For those who would question the validity of the existance of a feather of such size in the first place, as stated in the closing sentence of the Legend of the Giant Bird:

"The loss of the Buffalo would have a devastating effect on the migratory habits of birds of such size. Not everybody makes the connection, but it is pretty simple stuff, without the herds, migration became very difficult and many of the young birds as well as some of the adults died on their way south. We are talking twenty-five foot wingspan Teratorn type birds, animals so huge they couldn't hunt in woodlands or heavy foilage. They needed large open area suchs as the Great Plains or the Argentine Pampas to navigate and hunt."

"The loss of the Buffalo would have a devastating effect on the migratory habits of a bird of such size." In confirmation of just such an event, Dr. Richard Laub of the Buffalo Museum of Science, found evidence at the Hiscock Site in New York of the California Condor having ranged as far as New York prior to the demise of large animals that provided their food supply:

"In 1984, while recovering bones from an ancient spring at the Hiscock site, Laub first thought one was from a cervid (deer-like) animal because of its size. Examination of its structure in the lab revealed it was from a bird, perhaps a large vulture. He sent it to David Steadman, then with the New York State Museum, who identified it as the humerus of a California condor. Both men were excited by the discovery, since fossil condor remains had previously been found only along the Gulf Coast and along the Pacific Coast into northern California. Two additional bones found in the next two years confirmed the presence of the condor in Ice Age New York. The condor, we now know, was a very tough bird that was adapted to a wider range of climates than previously thought. The article on the occurrence of the condor at the Hiscock site by Dr. Steadman and co-author Dr. Norton Miller that appeared in Quaternary Research (vol. 28, 1987) states that its reduced range (today it is found only in the Sierra Nevada mountains of California), rather than being the result of climate change, may be due instead to the diminished supply of large carcasses at the end of the Ice Age."(source)

Dr. Steadman and co-author Dr. Norton Miller state in Quaternary Research (vol. 28, 1987) that the condors reduced range, rather than being the result of climate change, may be due instead to the diminished supply of large carcasses at the end of the Ice Age.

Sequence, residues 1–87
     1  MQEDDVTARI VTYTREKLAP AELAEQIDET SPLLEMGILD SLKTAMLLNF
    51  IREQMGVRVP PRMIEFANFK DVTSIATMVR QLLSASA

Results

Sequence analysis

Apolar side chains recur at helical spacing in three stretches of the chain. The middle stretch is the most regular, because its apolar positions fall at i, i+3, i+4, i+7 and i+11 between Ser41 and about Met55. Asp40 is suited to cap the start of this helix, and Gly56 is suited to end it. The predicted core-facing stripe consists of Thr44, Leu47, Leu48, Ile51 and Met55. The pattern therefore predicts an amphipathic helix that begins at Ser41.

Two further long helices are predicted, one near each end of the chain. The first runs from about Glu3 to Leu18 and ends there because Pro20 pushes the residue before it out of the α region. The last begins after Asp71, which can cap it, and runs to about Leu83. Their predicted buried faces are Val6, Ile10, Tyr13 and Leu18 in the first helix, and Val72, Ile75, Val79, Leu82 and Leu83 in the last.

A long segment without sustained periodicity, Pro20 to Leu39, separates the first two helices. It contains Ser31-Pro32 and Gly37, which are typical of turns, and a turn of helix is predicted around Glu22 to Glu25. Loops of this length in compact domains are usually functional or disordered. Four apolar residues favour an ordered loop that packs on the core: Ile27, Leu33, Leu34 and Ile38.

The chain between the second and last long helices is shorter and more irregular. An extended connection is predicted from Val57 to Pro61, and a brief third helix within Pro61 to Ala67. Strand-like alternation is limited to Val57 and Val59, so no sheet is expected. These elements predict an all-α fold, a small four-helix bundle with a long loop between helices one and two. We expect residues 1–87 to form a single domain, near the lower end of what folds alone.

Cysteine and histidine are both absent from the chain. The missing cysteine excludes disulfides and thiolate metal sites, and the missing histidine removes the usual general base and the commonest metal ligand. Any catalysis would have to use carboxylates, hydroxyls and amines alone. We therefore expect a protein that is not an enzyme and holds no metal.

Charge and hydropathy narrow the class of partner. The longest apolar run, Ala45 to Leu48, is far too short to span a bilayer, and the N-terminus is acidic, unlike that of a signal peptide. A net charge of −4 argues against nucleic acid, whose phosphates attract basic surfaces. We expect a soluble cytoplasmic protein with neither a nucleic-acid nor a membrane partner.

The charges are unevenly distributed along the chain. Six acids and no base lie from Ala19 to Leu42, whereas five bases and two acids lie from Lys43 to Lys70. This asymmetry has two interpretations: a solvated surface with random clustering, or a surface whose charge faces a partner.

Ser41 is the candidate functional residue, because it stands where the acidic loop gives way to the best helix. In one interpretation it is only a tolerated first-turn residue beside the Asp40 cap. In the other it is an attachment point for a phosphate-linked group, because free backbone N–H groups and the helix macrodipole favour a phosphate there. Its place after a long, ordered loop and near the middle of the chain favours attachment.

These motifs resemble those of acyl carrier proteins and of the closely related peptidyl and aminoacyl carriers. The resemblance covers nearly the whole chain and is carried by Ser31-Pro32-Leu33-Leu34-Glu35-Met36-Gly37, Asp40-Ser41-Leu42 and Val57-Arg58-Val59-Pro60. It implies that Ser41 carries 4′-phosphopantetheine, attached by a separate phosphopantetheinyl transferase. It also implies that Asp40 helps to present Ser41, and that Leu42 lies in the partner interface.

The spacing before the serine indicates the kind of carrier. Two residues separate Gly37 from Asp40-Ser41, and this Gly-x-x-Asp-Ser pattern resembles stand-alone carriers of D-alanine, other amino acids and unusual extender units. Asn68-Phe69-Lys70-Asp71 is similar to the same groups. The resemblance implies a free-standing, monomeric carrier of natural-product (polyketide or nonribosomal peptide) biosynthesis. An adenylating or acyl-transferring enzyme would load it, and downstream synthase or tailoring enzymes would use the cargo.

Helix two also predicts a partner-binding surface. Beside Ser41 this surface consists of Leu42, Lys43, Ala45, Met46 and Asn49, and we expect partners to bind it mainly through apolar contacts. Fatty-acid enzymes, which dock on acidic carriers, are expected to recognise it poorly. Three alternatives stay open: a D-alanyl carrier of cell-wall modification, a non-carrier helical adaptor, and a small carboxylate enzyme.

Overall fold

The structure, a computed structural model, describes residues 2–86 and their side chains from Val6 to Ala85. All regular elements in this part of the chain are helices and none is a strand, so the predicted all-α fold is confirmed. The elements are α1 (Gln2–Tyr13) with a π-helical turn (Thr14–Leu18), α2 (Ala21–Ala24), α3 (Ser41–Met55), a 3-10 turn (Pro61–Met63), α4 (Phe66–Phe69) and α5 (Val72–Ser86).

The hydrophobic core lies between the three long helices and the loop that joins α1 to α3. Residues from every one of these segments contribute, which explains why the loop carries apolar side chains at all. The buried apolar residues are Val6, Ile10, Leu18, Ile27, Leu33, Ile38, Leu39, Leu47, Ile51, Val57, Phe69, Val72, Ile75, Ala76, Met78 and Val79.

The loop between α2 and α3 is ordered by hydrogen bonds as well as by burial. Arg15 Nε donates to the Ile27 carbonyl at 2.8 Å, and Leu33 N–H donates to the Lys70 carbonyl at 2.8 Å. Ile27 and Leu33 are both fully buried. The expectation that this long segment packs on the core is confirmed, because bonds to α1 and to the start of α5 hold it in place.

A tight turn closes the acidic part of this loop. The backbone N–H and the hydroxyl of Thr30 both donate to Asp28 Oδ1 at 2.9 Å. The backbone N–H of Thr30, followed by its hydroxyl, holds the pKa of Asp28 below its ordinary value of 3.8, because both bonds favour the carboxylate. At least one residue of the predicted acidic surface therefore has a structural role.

To learn the fate of what happened to the giant feather go to Meditation Along Meteor Crater Rim. See also: Wing of the Giant Bird.

PENDEJO CAVE: The Ancient Ones





Where Is It Now, What Happened To It?






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My uncle's wife was a powerful curandera in the tradition of la Catalina, and like la Catalina, held in awe by most that came within her presence. Tall and straight-backed, with perfect posture and beautiful skin, instead of taking steps she appeared to almost glide when she walked. In restaurants and public places people were reluctant to sit near her table and the help was afraid to serve her. Some have said they had seen a glass of water slide across the table to her hand without her even moving her arm.

Upon hearing the story regarding myself and the vultures she was certain, at least as she viewed it from her own perspective, that if my uncle had not come across the the circle when he did I would have flown off with them, or, if not then, the six-foot wingspan raptors would have carried me off with them as if I was one of their own (again, her perspective).


Years later my uncle told me something he had never told his wife nor discussed with me. The distance I traveled that day, from the point I started to the location he found me, was way to far for me to have covered given the time, especially considering the level of my own abilities, the terrain, heat of the day, etc. He told me he had tracked me some distance quite clearly, then my tracks suddenly just ended as though I had disappeared into thin air. Knowing I didn't have a large supply of water or any at all he continued to look in areas he thought I might seek out and just happened across me --- many, many miles from where he had last seen my tracks. How I got there he couldn't say with any amount of certainty. However, he told me, and he kept it a secret from his wife even to the point of burning my shirt, that my shirt below both shoulders as well as part way down the back and along my sleeves were punctured in spots and appeared to have what he called grip marks on them. So too, my skin had red abrasions almost like minor scratches as though my arms had been clutched by something. He told me he was sure I had been carried off and if he hadn't happened across me I may had been carried off even further, maybe even never to be found.